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Recovery of Once Rare Wood Stork Is Latest Endangered Species Act Success

ST. PETERSBURG, Fla.— The US Fish and Wildlife Service announced today that it is proposing to remove the wood stork from the endangered species list as the bird has made a recovery.

In the 1970s there were only 5,000 breeding pairs left for wood storks, but now there are more than 11,000 pairs in Florida, Georgia and other states in the Southeast.

“There is no better way to celebrate the 50th anniversary of the Endangered Species Act than with the restoration of this magnificent bird,” said Stephanie Kurose, senior policy specialist at the Center for Biological Diversity. “The law saved the wood stork and helped preserve and rebuild vital habitats throughout the Southeast. This has improved water quality and benefited countless other species that call the area home.”

Wood storks were protected in 1984 after the species declined from about 20,000 breeding pairs in the late 1930s to 5,000 pairs in the late 1970s. This decline was largely due to drainage and wetland development. After the species was listed as endangered, work to preserve and restore wetlands and protect nesting sites began.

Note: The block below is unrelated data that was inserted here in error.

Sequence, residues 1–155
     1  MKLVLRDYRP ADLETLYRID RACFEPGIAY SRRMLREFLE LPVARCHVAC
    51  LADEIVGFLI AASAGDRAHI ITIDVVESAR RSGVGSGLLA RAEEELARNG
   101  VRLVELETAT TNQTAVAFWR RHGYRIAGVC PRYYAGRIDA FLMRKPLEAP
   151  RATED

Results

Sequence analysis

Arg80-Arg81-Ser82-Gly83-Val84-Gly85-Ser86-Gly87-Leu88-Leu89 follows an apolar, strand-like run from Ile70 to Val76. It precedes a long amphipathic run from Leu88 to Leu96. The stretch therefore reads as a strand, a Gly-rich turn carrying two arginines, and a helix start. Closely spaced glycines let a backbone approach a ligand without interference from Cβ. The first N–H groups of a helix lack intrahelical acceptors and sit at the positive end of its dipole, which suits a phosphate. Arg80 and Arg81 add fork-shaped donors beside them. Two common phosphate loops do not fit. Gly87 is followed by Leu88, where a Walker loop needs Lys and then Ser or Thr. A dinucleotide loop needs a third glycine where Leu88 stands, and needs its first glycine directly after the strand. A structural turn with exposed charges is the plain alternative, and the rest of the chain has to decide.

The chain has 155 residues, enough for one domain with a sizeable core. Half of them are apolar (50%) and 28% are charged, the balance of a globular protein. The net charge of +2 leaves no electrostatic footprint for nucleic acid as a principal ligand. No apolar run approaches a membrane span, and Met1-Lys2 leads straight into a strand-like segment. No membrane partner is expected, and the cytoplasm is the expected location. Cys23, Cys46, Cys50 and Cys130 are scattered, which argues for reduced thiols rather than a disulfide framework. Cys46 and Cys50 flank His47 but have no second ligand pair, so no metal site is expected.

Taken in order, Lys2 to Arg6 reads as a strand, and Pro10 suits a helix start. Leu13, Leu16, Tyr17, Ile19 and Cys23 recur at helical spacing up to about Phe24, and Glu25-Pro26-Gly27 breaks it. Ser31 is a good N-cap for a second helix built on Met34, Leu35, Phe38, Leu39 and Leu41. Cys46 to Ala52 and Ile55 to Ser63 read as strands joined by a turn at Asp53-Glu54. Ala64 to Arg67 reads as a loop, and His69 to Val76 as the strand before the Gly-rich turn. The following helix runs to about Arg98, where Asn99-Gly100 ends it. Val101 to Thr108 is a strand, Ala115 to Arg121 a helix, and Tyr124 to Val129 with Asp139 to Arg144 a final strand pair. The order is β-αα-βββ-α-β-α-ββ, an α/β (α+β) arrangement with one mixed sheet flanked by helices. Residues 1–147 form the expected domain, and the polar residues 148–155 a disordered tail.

Today, the wood stork’s range includes northern Florida, Alabama, Georgia, Mississippi, and the Carolinas. Several breeding colonies now exist where few or none used to exist in these areas.

However, the wood stork’s habitat in the Everglades remains threatened by poor water management practices that have severely altered the natural flooding and drying patterns of the ecosystem. When this cycle is disrupted by human-controlled activities, wood storks cannot successfully forage and nest.

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For example, a wood stork nest site has crashed at the Corkscrew Swamp Sanctuary, which was once the largest wood stork nursery in North America. The fate of the stork in South Florida underscores the need to protect and restore naturally functioning wetlands for the species that depend on them.

“The wood stork has made a remarkable comeback, but the destruction of wetlands from urban sprawl still dwarfs the species,” Kurose said. “The service must ensure that wetlands are protected. It is also critical to continue to adequately monitor the stork population to ensure ongoing threats do not undo this hard-won success.”

Today’s announcement reinforces what studies have already shown – that the Endangered Species Act has not only prevented the extinction of 99% of the plants and animals it protects, but has consistently helped those species recover.

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